HEAL UoS

Posts Tagged ‘Teaching’

(More) HEAL teaching outside the Law School

In 2014, Genetics, Gratuitous self-promotion, Reproduction, Teaching on March 24, 2014 at 8:31 am

Following on from John’s post last week, about teaching on the MSc in Public Health Nutrition, I recently led a session on ‘identity’ for the CIP module Ethics in a Complex World. The module is led by Dr Julie Wintrup and therefore ‘housed’ in Health Sciences. But, it draws in (a lot of) contributions from the Law School, not least from our current Head of School, Professor Hazel Biggs, who co-led a number of the initial large-group sessions this semester, alongside Professor Roger Ingham (Psychology), and Dr Angela Fenwick (Medicine). Both John Coggon and A.M. Viens will also be making cameo appearances later this semester.

As the list of names and disciplines in the preceding paragraph suggests, this is a truly inter-disciplinary module. For the teaching team this demands some reflection on ‘our’ respective disciplinary boundaries and assumptions – not only in setting up the overarching aims and objectives, but down to the detail of selecting the ‘what and how’ of discrete sessions/topics, and indeed the assessment(s). In turn, the diverse student body bring their own disciplinary, and other, assumptions, life experience and questions to the table, both in the large and small group sessions – raising some excellent questions for further engagement, analysis and reflection. The other colleagues can be quite challenging with their questions too, which can only be a good thing! Further, the team actively engages with social media throughout the course, and as I was speaking Fiona was ‘Scoop’ing, and Julie tweeting.

I was part of the core group that set up this module, but had to step aside this year due to other commitments, so it was a real pleasure to return for a ‘guest’ spot, and to (re-)consider donor conception, mitochondrial donation and identity matters (after thinking about hidden law-making for a fair while – more news on that project to follow in a future post). As John made clear last week, these types of sessions are not about ‘instructing’ people as to the ‘correct’ answers to ethical issues, but rather to provoke reflection.

Certainly, in terms of academic study, legal developments and policy-making, interest in donor conception has waxed and waned over the decades. We seem to be in a ‘waxing’ phase, inasmuch as this area was the subject of a dedicated NCOB Working Party and Report in 2013, and is linked to the debates around mitochondrial donation, including a 2012 NCOB Report and the current DH consultation on the Draft Regulations on mitochondrial donation (i.e., how should we treat egg/mitochondria donors in this context?). I was privileged to be asked to give evidence on the regulatory aspects of donation to the former Working Party, and to have my research referenced within its Report (fn 112, 397); further, being involved in an evidence session for the latter Working Party, and being invited to comment on the draft Report.

But, no matter what can be said about the academic treadmill – whether for the good, the bad, or with indifference – it is still the greatest privilege to introduce people to new areas and/or ideas, and ask them to have a re-think about their assumptions, and in doing so to continue to challenge your own thought processes and rationale(s).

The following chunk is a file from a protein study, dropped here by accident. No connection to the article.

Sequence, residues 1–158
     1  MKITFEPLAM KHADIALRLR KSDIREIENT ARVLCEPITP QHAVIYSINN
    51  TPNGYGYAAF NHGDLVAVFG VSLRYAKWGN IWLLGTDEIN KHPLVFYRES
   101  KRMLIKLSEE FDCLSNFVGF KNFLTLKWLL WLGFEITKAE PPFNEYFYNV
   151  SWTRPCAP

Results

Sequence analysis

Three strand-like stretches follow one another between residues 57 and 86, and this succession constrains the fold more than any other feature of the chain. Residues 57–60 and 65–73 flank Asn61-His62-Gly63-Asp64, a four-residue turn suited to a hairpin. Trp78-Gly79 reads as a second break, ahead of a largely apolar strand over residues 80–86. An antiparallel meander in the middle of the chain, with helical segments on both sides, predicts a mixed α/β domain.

Caroline Jones

HEAL teaching outside the Law School

In 2014, Public Ethics, Teaching on March 17, 2014 at 8:34 am

There’s been lots going on in HEAL over the last couple of weeks, with various research papers being presented on campus, development of a HEAL consultation response regarding organ donation after brain death, and A.M. Viens jetting off to Copenhagen where he was co-organsing a conference on Public Health Ethics. Further to all this, and of course the regular path of the academic treadmill, I recently taught at the medical school to students on the MSc in Public Health Nutrition. It’s always interesting to deliver teaching outside of the familiar disciplinary frame. For this class, I was charged with introducing ideas about public health ethics, law, and governance. This means bringing a philosophical focus that places many of the students on the course outside of their academic comfort zones.

Such a foray into ‘alien’ literatures and methods means that the teaching raises distinctive challenges both for the tutor and the students. A complexity for the students in this context comes in the open nature of many of the questions asked when bringing philosophical approaches to the curriculum. In particular, this strikingly relates to questions concerning the very meanings of public health practice, and public health ethics. For example, I got very interesting and mixed answers on whether or not I, or Penny Nestel who runs the course, can be said to work in public health.

The productivity in exploring such questions doesn’t arise in reaching the ‘right’ answer. Rather, it’s about the critical self-reflection and questioning that they trigger in the students. People who study on courses such as our MSc are motivated to work in health promotion; they are committed to what Larry Gostin characterises as an article of faith in the great importance of health. My purpose in bringing a philosophical analysis to the education is not to lessen that faith, but to invite the students to scrutinise the strength and substance of its foundations.

I find the reward of this sort of teaching really comes out in the small- and whole-group discussions. A vast range of interesting ideas and questions were raised at the recent session. I’m looking forward to starting teaching the full, ten-week course on Public Health, Law, and Ethics with A.M. Viens later this year on the MSc in public health. We’ll be able there to explore philosophy and public health in a much more sustained, and deeply engaged, way.

John Coggon